Always active in civic affairs, he was elected president of the Chamber of Commerce in 1922 and of the Retail Merchants in 1926, was vice-president of the Council Bluffs Savings Bank, a member of the Elks, Rotary Club, Bluff City Lodge 71, B’nai B’rith, and Temple Israel of Omaha.

He worked tirelessly for the betterment of the city, was a director of the newly incorporated Community Theater in 1932, and served on the executive committee of the Boy Scouts for several years.

The two men were also involved in real estate: The Continental Realty Co. — Rosenfeld president and Ungar secretary; Main Street Realty — Ungar president and Rosenfeld secretary.

In 1932, Rosenfeld became head of the National Retail Furniture Association which consisted of 5,000 stores. He held this position through the worst years of the depression and was instrumental in stabilizing the industry.

He was founder and executive secretary of the United Furniture Stores, an organization of 122 furniture dealers in different sections of the country — individually owned but made their purchases collectively, according to the Nonpareil tribute on his 70th birthday.

In 1956, Rosenfeld and Ungar, planning to retire, sold the Continental Keller Co. to a group of Omaha investors (Nebraska Furniture Mart). The store kept its name and both men continued to live in Council Bluffs and stayed active.

In 1958, Rosenfeld was one of seven men appointed to a levee committee by Mayor Jim Mulqueen to work with the U.S. Army Corps of Engineers in a campaign to make Council Bluffs a flood-free city.

When local retailers formed the Local Retail Trade Authority, he was elected chairman.

On his 75th birthday, Rosenfeld’s advice was to “keep happy.” “Don’t get up with a grouch, and recognize everyone as your friend”. His two hobbies were “puttering” in his garden and working crossword puzzles — the gardening to keep his body active and the crosswords to “train the brain.”

On Aug. 25, 1941, a Nonpareil story described “Rose Hill,” then just being completed for Julius Rosenfeld, designed in “the old Regency style” and decorated by Mrs. Rosenfeld.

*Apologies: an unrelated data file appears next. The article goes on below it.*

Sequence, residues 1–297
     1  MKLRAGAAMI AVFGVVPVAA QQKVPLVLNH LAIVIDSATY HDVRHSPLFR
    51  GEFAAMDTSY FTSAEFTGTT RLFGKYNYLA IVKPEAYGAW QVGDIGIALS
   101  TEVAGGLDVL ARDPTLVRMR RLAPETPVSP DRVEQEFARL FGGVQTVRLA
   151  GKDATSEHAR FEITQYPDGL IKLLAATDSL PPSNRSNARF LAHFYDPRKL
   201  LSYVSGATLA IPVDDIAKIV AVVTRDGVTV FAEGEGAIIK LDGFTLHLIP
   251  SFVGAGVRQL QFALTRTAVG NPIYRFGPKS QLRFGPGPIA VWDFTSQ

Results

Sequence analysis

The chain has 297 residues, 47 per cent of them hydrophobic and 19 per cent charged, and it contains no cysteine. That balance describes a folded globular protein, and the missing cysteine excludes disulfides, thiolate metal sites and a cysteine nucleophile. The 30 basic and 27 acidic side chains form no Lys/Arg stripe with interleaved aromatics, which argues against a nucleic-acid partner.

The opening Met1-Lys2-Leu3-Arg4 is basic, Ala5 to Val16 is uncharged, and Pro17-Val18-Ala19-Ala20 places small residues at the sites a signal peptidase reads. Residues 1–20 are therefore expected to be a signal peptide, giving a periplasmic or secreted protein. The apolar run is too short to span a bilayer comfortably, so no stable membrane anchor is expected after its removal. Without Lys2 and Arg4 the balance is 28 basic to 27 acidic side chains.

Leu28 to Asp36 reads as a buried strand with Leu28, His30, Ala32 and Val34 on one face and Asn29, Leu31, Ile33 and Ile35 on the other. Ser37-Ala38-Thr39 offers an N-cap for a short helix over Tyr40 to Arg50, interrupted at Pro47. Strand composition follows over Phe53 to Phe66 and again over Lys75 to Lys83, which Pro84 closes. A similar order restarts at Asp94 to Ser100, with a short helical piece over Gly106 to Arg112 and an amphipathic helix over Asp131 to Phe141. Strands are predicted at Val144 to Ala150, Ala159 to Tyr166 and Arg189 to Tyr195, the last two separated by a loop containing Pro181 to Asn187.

McAlester’s “A Field Guide to American Houses” identifies the Regency style as utilizing elements of earlier popular styles. The house, with a Spanish tile roof, is placed on top of a knoll facing a view of the Missouri River valley. The description continues:

“With four rooms and bath on the main floor, two bedrooms in the half upper story and with full basement, this home was built after years of planning by the Rosenfelds ...

“Large closets have been built off both main floor bed rooms and nooks for every conceivable article can be found throughout the house … The kitchen is the essence of convenience. St. Charles metal basins and cabinets are used throughout. All electrical equipment is used, including electric dish washer, sink garbage disposal, electric range and refrigerator — even the electric coffee grinder…

“The upper half story — spacious but nevertheless not a full sized second floor — has one finished bed room, living room and bath and one spare bed room and store room …

“A 5-ton air conditioner has been installed in the basement, using 150 gallons of water per hour in operation … it is then run through the sprinkler system … A large gas furnace with blower system, water softener and tin can container from the kitchen chute completes the basement equipment.”

Grace Rosenfeld died on July 21, 1956. Julius died on July 24, 1964. Both are buried in Oak Hill Cemetery. In 1964, the property was sold to Einer Juel, a banker and former mayor, who added a two-car garage. In 1968, Juel sold it to Joe and Lucy Beraldi, who replaced the metal sun room with a larger room, retaining the twelve windows in the design of the new room.

Readers and viewers of HGTV will marvel at the construction elements taken for granted today but introduced in homes built three quarters of a century ago and understand why the Rosenfeld’s new home was featured in a Nonpareil column, “The House of Tomorrow.”